One would intuitively assume that if one was given 100 data points of data, it would be most accurate to interpolate the 100 data points to a 99th order polynomial. More the merrier: is that not the motto. But I am sorry to burst your bubble – high order interpolation is generally a bad idea.
The classic example (dating as back as 1901 before there were calculators) to show that higher order interpolation idea is a bad idea comes from the famous German mathematician Carl Runge.
He took a simple and smooth function, f(x) = 1/(1+25x^2) in the domain [-1,1]. He chose equidisant x-data points on the function f(x) in the domain xε[-1,1]. Then he used those data points to draw a polynomial interpolant.
For example, if I chose 6 data points equidistantly spaced on [-1,1], those are (-1, 0.038462), (-0.6, 0.1), (-0.2,0.5), (0.2,0.5), (0.6,0.1), and (1,0.038462). I can interpolate these 6 data points by a 5th order polynomial. In Figure 1, I am then plotting the fifth order polynomial and the original function. You can observe that there is a large difference between the original function and the polynomial interpolant. The polynomial does go through the six points, but at many other points it does not even come close to the original function. Just look at x= 0.85, the value of the function is 0.052459, but the fifth order polynomial gives you a value of -0.055762, a whopping 206.30 % error; also note the opposite sign.
Figure 1. 5th order polynomial interpolation with six equidistant points.
Maybe I am not taking enough data points. Six points may be too small a number to approximate the function. Ok! Let’s get crazy. How about 20 points? That will give us a 19th order polynomial. I will choose 20 points equidistantly in [-1,1].
Figure 2. 19th order polynomial interpolation with twenty equidistant points
It is not any better though it did do a better job of approximating the function except near the ends. At the ends, it is worse than before. At our chosen point, x= 0.85, the value of the function is 0.052459, while we get -0.62944 from the 19th order polynomial, and that is a big whopper error of 1299.9 %.
So are you convinced that higher order interpolation is a bad idea? Try an example by yourself: step function y=-1, -1<x<0 and y=+1, 0<x<1.
What is the alternative to higher order interpolation? Is it lower order interpolation, but does that not use data only from less points than are given. How can we use lower order polynomials and at the same time use information from all the given data points. The answer to that question is SPLINE interpolation.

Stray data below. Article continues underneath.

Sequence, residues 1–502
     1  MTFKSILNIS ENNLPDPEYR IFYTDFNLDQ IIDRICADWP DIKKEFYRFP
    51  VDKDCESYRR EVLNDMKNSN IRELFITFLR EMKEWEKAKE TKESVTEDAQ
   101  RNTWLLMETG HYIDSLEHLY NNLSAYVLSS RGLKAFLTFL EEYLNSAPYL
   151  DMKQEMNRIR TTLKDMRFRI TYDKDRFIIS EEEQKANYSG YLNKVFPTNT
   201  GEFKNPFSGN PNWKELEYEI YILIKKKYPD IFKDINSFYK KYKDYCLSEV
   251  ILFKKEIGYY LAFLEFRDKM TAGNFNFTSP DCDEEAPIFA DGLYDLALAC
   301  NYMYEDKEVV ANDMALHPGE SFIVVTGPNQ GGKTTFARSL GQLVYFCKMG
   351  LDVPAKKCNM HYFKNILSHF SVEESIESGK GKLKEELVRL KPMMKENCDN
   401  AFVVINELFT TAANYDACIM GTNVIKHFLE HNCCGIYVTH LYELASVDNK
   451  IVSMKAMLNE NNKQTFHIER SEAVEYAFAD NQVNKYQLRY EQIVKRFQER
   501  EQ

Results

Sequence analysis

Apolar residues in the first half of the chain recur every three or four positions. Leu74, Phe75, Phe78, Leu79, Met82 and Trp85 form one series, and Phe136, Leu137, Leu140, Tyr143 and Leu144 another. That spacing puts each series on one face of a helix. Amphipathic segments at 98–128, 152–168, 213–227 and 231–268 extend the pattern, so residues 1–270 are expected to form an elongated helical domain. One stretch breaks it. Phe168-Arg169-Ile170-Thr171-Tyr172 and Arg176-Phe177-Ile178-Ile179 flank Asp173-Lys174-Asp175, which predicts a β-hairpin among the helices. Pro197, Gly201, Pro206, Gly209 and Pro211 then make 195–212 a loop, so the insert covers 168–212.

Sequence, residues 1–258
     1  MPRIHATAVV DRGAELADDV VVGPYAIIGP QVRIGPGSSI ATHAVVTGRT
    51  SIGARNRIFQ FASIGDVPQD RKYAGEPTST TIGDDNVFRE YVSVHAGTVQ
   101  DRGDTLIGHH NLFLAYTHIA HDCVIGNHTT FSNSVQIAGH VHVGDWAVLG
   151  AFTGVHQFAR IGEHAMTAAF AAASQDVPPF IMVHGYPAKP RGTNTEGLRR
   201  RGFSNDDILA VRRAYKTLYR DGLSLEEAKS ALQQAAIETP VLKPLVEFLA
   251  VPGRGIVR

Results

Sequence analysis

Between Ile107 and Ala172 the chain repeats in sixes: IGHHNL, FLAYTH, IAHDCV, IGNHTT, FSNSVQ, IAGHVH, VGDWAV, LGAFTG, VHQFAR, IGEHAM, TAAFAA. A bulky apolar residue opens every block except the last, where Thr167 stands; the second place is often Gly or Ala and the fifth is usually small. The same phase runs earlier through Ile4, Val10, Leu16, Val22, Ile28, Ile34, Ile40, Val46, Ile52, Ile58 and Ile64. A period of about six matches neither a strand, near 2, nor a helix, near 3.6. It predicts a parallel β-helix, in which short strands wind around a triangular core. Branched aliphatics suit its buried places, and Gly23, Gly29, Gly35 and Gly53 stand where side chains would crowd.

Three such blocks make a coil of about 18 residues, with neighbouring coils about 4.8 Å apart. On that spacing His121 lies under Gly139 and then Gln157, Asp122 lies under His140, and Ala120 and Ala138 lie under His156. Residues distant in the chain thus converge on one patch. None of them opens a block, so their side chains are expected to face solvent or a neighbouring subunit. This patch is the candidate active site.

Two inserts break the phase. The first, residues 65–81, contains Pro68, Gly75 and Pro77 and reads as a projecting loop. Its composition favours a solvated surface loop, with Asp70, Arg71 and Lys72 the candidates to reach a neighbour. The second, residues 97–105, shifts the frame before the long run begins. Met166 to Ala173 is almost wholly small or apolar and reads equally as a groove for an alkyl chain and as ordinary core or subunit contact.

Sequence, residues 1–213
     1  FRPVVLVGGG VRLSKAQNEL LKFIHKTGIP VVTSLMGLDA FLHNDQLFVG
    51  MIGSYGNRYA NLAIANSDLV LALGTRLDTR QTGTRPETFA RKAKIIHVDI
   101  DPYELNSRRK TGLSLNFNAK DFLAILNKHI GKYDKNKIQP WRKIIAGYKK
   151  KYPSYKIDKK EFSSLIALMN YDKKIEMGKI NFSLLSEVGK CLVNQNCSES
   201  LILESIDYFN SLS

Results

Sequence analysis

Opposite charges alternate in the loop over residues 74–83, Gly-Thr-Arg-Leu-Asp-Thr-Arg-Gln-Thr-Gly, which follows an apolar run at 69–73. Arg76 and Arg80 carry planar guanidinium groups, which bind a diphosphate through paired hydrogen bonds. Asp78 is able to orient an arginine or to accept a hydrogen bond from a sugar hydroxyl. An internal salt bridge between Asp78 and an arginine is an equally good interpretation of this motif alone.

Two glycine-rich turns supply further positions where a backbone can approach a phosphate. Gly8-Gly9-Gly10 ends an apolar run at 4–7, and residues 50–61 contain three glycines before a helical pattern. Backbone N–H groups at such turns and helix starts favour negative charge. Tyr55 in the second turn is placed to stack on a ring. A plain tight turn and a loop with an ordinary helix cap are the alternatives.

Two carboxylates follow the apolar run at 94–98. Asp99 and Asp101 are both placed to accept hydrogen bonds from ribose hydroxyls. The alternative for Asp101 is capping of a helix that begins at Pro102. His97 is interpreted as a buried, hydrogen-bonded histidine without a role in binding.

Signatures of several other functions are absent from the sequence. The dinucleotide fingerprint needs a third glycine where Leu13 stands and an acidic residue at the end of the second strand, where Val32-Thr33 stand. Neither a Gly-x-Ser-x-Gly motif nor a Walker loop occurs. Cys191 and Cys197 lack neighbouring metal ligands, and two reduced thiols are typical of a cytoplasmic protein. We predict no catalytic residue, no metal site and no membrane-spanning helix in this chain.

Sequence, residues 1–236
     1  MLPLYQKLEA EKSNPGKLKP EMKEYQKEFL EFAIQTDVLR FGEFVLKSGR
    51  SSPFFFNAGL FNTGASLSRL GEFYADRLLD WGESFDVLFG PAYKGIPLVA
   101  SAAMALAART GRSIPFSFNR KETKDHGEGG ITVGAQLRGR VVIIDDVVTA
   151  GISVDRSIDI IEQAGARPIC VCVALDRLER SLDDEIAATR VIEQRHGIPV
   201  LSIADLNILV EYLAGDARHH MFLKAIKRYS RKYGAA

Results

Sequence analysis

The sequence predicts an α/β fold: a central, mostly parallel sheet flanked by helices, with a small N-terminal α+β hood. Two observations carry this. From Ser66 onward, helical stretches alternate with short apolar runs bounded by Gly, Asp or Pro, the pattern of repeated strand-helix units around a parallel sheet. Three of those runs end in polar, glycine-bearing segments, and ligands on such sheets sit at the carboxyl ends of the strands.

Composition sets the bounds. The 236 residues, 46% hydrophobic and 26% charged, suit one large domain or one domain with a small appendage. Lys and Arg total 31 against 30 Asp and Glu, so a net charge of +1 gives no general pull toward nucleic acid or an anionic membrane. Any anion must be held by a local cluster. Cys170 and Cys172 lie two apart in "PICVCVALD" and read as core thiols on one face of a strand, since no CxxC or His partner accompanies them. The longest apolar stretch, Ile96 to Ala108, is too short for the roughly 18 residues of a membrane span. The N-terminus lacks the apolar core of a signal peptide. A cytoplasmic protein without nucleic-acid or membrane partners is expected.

This post is brought to you by Holistic Numerical Methods: Numerical Methods for the STEM undergraduate at http://numericalmethods.eng.usf.edu
6 thoughts on “High order interpolation is a bad idea?”
so, what’s the bad idea: high order interpolation, or interpolation with equally spaced points?
Higher order interpolation is. With interpolation, you will not have the privilege of choosing the data points, they will be given to you. Also, the choice of points works only for certian functions. There is no geenral rule of how one can choose points to ensure higher order interpolants to be close to the data.
“With interpolation, you will not have the privilege of choosing the data points, they will be given to you. ”
so, if i want to speed up evaluation of a complicated function using a lookup table and interpolation, i can not choose the data points? weird!
“Also, the choice of points works only for certian functions. There is no geenral rule of how one can choose points to ensure higher order interpolants to be close to the data.”
sure, in real life there’s nothing that’s guaranteed to “always work”. but i’ve been under the impression that chebyshev nodes were a generally safe bet.
none of this, of course, is meant to detract from a very useful series of posts!
1. Yes, you can choose data points if you are approximating a continuous function. A lookup table though will have discrete data.
2. We are talking about math here, not real life. For example, that bisection method always converges is proven, but the chebyshev nodes for interpolation works is not a proven as far as I know. It does work for Runge’s function though. May be that is where the myth started.